Last May at Wiscon, Sylvia Kelso talked about Golden Witchbreed (1984) and its sequel, Ancient Light, during the Uncomfortable Politics panel, and I knew while she was talking that I would love these books and that they'd upset me. Golden Witchbreed totally blew my mind! Why don't people talk about it more? Sylvia warned us that it sets up a hero, Lynne Christie, and then in the 2nd book destroys her, or does something heart-rendingly disturbing with her character, which sounded like ... like she became corrupt, or broken by circumstances -- not like she gets victimized in some simple way, but that instead she disappoints the reader... or shows something disappointing about our own characters. I'm at the very beginning of Ancient Light, feeling upset and doomed already, and can see many complicated ways this could go. The story has an unreliable narrator & many other things I love - including the thing I'm always going on about, memory and eating-memories and being a holder of memory, the thing that Bujold tries to explore in Hallowed Hunt & that Wolfe does the opposite way with his Autarch & that Herbert does in Dune.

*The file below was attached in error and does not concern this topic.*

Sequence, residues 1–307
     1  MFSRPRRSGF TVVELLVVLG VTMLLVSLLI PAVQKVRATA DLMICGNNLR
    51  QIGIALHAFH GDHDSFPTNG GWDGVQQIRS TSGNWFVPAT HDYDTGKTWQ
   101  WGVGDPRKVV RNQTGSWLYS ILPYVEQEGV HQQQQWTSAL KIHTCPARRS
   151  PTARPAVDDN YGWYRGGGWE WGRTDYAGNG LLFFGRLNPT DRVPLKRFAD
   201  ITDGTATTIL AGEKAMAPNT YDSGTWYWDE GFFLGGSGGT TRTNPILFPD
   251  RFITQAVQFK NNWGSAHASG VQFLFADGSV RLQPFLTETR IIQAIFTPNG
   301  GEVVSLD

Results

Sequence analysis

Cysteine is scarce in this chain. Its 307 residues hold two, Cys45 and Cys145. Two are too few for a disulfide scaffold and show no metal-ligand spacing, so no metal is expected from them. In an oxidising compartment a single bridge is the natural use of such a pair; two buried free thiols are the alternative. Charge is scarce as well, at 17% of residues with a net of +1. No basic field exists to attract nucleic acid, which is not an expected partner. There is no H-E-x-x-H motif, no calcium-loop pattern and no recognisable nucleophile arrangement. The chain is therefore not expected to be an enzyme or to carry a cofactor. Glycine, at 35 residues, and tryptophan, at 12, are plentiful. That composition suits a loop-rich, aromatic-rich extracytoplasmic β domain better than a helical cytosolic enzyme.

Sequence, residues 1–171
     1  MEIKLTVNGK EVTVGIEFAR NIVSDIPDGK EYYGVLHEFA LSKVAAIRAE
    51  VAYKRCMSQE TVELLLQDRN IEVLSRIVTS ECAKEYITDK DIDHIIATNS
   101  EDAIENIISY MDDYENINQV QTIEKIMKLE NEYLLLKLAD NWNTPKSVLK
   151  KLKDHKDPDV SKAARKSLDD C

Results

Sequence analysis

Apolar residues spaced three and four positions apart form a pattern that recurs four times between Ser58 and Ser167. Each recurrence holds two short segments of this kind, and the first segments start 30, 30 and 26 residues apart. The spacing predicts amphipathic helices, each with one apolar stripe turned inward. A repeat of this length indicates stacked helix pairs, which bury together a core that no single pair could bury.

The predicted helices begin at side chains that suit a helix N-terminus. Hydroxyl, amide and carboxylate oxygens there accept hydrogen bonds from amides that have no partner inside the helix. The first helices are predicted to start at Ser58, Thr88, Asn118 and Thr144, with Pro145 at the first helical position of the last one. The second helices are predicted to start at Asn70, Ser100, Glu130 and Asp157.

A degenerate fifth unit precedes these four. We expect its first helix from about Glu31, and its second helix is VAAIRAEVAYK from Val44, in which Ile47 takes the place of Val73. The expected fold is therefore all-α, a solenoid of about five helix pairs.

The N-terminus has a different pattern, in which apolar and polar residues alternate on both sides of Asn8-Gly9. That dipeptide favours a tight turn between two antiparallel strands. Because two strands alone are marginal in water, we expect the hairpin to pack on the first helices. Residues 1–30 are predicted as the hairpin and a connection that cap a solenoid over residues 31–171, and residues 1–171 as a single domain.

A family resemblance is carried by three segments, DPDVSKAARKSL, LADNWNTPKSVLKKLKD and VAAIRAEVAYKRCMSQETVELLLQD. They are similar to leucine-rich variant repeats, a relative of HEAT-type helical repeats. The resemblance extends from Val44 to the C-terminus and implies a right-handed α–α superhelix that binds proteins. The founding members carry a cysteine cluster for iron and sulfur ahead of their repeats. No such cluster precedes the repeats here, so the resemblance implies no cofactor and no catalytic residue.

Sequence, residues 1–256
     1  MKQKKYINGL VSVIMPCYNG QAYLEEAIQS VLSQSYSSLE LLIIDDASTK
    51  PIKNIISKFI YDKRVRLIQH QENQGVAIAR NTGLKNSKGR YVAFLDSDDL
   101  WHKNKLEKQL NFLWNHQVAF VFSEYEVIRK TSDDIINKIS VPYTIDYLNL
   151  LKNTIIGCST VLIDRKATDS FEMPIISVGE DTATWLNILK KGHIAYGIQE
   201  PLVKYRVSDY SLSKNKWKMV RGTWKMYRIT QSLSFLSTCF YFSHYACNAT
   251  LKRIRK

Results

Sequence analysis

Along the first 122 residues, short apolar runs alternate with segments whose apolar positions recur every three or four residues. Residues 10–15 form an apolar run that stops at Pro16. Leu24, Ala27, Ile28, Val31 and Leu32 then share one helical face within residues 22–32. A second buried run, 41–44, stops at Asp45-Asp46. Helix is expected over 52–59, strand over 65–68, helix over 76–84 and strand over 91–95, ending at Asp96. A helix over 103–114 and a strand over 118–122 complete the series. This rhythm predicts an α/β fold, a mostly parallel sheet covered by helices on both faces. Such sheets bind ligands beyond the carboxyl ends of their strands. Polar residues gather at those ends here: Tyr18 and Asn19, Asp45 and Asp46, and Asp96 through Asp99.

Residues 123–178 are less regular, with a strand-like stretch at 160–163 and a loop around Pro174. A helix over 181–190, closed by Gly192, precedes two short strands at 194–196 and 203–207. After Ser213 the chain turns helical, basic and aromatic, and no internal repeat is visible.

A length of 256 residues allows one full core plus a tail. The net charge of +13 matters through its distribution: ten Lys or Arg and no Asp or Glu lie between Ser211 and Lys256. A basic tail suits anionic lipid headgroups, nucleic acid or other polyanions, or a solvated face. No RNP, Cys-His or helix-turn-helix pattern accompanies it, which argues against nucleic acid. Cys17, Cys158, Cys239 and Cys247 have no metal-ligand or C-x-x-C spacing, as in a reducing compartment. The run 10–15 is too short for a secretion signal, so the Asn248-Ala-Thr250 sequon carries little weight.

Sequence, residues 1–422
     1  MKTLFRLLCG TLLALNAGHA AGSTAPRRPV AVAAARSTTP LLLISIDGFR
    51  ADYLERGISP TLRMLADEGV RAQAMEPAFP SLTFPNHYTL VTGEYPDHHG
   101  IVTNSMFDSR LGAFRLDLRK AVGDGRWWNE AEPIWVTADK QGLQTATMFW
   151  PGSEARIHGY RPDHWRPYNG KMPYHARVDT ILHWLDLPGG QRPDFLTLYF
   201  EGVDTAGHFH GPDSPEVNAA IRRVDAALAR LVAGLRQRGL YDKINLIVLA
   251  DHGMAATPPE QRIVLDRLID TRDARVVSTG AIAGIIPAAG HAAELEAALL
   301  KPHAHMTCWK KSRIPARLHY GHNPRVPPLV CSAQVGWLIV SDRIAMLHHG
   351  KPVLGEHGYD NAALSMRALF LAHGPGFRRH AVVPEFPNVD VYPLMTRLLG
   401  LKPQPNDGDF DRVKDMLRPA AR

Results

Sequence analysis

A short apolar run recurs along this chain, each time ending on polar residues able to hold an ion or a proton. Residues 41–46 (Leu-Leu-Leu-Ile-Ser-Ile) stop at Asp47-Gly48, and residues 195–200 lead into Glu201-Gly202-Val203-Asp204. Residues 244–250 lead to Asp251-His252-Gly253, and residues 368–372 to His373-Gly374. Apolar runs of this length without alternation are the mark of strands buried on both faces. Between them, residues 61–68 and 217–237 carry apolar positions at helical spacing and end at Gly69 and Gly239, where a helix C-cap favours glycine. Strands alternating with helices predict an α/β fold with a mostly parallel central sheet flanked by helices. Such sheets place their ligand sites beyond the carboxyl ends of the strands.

(I talked about this memory-eating more in the article on age and gender Q. and I wrote for the women in sf book, but at the moment I want to go to bed and anyway I can't remember all of my examples from the article.) The memory-eater and their fate, & purpose, are a placeholder for what the author's trying to say about culture and history and the position we should take in relation to it. One position - what i think of as the patriarchal one - suggests that by consuming history and knowledge we become God; cultural elitism; other people's memories are consumed and internalized, eaten. The other might possibly be a sort of cultural revolution position and focuses on process rather than a cult of old culture. Bujold's ghosts and memories must be set free. I had other examples from (mostly) women writers and should look back at my notes to see what they were. Anyway, I think Mary Gentle's book is going to add some interesting data points to this collection of ideas on SF and memory.
In the meantime I am feeling very emotionally shaky about what's about to happen in this book to Lynne Christie who was an excellent and complicated heroine. I feel all trembly inside, and expectant, and maybe intellectually or morally (?) scared and aware of my own complications & contradictions, like I did while reading Illicit Passage and the Tiptree bio.
I'm sure other people noticed the river Ai, obvious homage to Le Guin's Envoy in a book about a diplomat & first contact. The book is (or both books, I think, are) a wonderful complicated weird counterpoint to Left Hand of Darkness, when you consider it that way instead of obsessing on kemmer as so many people do.